As Black communities in the U.S. once again battle lead exposure and water supply issues—and climate change intensifies occurrences of drought, wildfires, heat waves, and flooding across the world–we at the Black-Led Movement Fund (BLMF) are reflecting on two rarely acknowledged truths:
- Environmental disaster and its disproportionate impacts are not natural or inevitable, but rather the result of slack governmental oversight and sustained divestment in Black communities.
- The modern-day environmental justice movement is rooted in Black History, a legacy that we carry forward today.
The stewardship of land and nurturing of healthy food systems has always been a part of the broader Black liberation movement; and consequently, the organizing efforts of Black-led movements have consistently led to the creation of policies that benefit not only our people but our planet. We are indebted to our ancestors and elders, who centered land and food in their dreams of freedom for Black communities—and to BLMF grantee partners, who carry forward in this legacy of resistance and reimagining:
- Action St. Louis is building a future where every Black life can thrive by focusing in the areas of criminal justice and abolition, housing justice, and electoral justice.
- Black Trans Nation is leading housing justice organizing and supports its members to advocate within and against unjust housing and social service systems.
- The BlackOUT Collective is working to create a long-term movement strategy and concrete interventions towards Black liberation, reparations, and land reform, rooted in ecological justice and the long history of Black self-determination.
- BLM-Louisville is leading food justice work by supporting Black Market, a healthy grocery store focused on combatting food apartheid in the West End of Louisville, Kentucky.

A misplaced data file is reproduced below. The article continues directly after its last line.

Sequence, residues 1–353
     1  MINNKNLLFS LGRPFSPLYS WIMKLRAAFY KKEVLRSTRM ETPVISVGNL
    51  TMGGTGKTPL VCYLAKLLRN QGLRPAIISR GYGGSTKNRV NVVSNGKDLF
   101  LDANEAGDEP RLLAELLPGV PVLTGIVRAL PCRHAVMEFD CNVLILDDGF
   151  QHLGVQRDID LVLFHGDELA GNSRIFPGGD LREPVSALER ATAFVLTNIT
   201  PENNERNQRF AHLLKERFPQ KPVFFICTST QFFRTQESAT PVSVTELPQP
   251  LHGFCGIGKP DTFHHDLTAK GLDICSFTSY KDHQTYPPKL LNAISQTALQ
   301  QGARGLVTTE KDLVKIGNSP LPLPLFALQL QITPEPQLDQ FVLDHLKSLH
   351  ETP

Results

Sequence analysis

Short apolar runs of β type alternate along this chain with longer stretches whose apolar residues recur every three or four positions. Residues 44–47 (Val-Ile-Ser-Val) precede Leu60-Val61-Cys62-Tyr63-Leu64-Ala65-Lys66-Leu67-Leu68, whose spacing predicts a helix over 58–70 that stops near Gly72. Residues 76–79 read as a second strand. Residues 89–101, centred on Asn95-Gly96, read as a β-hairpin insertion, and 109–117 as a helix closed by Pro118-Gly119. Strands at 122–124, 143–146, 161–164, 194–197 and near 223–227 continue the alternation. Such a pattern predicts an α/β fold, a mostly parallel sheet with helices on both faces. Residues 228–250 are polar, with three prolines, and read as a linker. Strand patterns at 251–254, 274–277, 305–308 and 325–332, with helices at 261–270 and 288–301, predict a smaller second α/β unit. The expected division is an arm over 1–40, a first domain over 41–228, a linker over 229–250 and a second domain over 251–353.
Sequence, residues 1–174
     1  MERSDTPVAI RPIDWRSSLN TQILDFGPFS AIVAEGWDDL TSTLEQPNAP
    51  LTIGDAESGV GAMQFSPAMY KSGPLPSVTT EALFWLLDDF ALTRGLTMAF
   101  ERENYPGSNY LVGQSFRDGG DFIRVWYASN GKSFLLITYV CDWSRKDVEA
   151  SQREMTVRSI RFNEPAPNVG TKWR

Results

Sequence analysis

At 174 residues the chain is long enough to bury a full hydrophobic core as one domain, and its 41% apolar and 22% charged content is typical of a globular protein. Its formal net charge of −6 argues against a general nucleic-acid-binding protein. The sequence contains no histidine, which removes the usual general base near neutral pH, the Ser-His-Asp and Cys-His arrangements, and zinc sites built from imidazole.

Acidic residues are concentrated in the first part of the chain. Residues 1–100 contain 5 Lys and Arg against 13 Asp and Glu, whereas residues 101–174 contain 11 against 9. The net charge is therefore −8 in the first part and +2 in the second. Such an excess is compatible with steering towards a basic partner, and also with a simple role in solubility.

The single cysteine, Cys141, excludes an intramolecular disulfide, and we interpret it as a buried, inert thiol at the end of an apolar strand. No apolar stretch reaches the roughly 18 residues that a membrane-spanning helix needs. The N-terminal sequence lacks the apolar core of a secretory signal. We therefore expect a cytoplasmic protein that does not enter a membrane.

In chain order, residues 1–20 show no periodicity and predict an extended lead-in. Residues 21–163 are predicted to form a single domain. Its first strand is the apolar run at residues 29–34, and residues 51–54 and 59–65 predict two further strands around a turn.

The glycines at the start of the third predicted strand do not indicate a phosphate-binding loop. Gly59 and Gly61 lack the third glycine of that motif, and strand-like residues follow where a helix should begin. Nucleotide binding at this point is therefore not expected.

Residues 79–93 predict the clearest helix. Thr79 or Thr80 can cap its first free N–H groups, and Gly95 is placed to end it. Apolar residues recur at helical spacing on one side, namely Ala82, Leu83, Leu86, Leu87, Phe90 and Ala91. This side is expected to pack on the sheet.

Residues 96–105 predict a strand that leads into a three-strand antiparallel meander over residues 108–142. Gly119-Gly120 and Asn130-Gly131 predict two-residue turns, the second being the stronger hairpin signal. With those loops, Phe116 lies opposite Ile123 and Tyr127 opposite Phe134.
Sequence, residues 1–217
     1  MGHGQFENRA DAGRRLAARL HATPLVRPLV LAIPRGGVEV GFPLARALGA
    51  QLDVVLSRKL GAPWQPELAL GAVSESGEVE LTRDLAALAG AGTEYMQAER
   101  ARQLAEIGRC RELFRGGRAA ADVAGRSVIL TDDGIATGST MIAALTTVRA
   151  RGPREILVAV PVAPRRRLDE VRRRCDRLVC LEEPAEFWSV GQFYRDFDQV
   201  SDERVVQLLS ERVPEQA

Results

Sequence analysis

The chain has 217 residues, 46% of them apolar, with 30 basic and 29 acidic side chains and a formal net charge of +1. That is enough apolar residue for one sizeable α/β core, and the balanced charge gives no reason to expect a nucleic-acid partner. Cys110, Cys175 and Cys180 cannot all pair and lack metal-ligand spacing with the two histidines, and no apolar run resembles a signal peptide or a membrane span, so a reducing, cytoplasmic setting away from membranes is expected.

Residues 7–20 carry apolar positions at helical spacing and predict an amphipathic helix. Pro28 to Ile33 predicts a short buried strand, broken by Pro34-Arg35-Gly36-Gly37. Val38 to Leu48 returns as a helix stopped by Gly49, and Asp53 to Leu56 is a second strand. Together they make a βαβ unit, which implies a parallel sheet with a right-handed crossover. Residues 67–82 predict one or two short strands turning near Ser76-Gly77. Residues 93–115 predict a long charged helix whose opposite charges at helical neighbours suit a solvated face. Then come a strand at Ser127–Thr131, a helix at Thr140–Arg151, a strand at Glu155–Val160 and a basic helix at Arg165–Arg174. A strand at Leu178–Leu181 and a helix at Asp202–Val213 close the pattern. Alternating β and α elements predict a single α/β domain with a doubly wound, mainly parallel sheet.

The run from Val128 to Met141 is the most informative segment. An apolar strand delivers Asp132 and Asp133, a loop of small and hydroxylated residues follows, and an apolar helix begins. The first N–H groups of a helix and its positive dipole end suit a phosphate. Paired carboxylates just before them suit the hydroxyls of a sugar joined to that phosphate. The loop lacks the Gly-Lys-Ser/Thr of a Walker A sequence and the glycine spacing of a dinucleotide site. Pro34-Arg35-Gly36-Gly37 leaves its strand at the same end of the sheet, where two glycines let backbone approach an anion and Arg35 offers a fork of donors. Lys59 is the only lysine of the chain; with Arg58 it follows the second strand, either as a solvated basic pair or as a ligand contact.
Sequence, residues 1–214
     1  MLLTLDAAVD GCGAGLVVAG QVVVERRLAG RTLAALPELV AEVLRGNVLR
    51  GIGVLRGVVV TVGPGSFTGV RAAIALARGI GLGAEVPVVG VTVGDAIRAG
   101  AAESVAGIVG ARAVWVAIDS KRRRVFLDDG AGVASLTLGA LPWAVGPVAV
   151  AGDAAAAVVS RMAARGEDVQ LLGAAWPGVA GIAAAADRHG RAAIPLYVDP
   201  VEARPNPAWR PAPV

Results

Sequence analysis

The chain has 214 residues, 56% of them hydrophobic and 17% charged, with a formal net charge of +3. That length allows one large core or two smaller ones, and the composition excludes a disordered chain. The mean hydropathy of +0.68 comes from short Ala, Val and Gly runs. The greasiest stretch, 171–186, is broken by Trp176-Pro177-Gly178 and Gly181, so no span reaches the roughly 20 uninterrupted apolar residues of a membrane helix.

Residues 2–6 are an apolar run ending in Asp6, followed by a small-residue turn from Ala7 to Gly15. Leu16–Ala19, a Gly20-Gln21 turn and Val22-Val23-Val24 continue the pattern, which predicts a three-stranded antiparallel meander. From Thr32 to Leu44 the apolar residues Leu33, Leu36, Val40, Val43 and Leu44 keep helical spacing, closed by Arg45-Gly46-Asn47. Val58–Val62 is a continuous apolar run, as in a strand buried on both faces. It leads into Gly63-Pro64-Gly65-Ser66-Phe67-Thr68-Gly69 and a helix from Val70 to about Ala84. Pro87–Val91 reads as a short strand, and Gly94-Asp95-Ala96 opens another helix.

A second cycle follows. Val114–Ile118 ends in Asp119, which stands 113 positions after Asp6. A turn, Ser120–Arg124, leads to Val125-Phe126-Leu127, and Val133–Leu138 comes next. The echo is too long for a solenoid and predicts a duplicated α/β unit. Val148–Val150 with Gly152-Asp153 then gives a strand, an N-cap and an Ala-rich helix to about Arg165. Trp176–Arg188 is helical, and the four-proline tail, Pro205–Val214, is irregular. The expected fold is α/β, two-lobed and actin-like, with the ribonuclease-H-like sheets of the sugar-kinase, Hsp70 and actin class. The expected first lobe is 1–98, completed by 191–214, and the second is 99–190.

- Drinking Gourd Farms is building a community of politically-aligned Black farmers, gardeners, and homesteaders in Arizona that are focused on the physical, mental, and spiritual health of Black people through movement building, agriculture, health and wellness, and environmental stewardship.
- Movement for Black Lives’ (M4BL) Black Hive is serving Black communities who bear the brunt of climate disasters and extreme weather events by proposing pro-Black climate policies and practices; building alternatives to current harmful systems; and offering resources, data, technology, communications, and disaster-response support to local communities and Black-led organizations.
- The National Black Food and Justice Alliance is engaging in broad-based coalition organizing for Black food and land, increasing visibility of Black-led narratives and work, advancing Black-led visions for just and sustainable communities, and building capacity for self-determination within food systems and land rights work.
- The People’s Advocacy Institute is acting as a resource and training incubator for transformative justice in the South, and coordinating to meet the needs of folks impacted by the Mississippi water crisis.
- Taproot Earth is building power and cultivating solutions among frontline communities advancing climate justice and democracy. This September, the organization is hosting an inaugural “Black Climate Leaders Summit” in New York City in coordination with UN week, where global policy discussions on climate are being held.
White supremacy is so deeply embedded into our systems, laws, and logics, that the reality remains: racism and climate change are inextricably linked. To secure our futures, philanthropy must urgently grow and resource Black leaders who represent disproportionately impacted communities and organize at the frontlines of the climate and environmental justice movements.
Today and tomorrow, the Black-Led Movement Fund exists to resource, elevate, and grow the movement ecosystem working for Black Liberation. It’s why we make long-term investments in movement building, including $6 million in renewal grants in 2022. It’s why we resource interconnected efforts—most recently, via a special opportunity grant to African Communities Together, Haitian Bridge Alliance, and UndocuBlack Network, whose coordinated advocacy led to the repeal of Title 42, the violent and xenophobic policy preventing migrants from seeking asylum at the U.S.-Mexico border. And it’s why we’re moving $1 million in rapid response funding to organizations that are connecting to other intersecting movements.
We invite you to join Black-Led Movement Fund and our creative, thoughtful, and future-focused grantee partners, who are co-creating a healthier, more beautiful world for us all. To learn more about how to partner with Borealis Philanthropy, email Maya at email@example.com.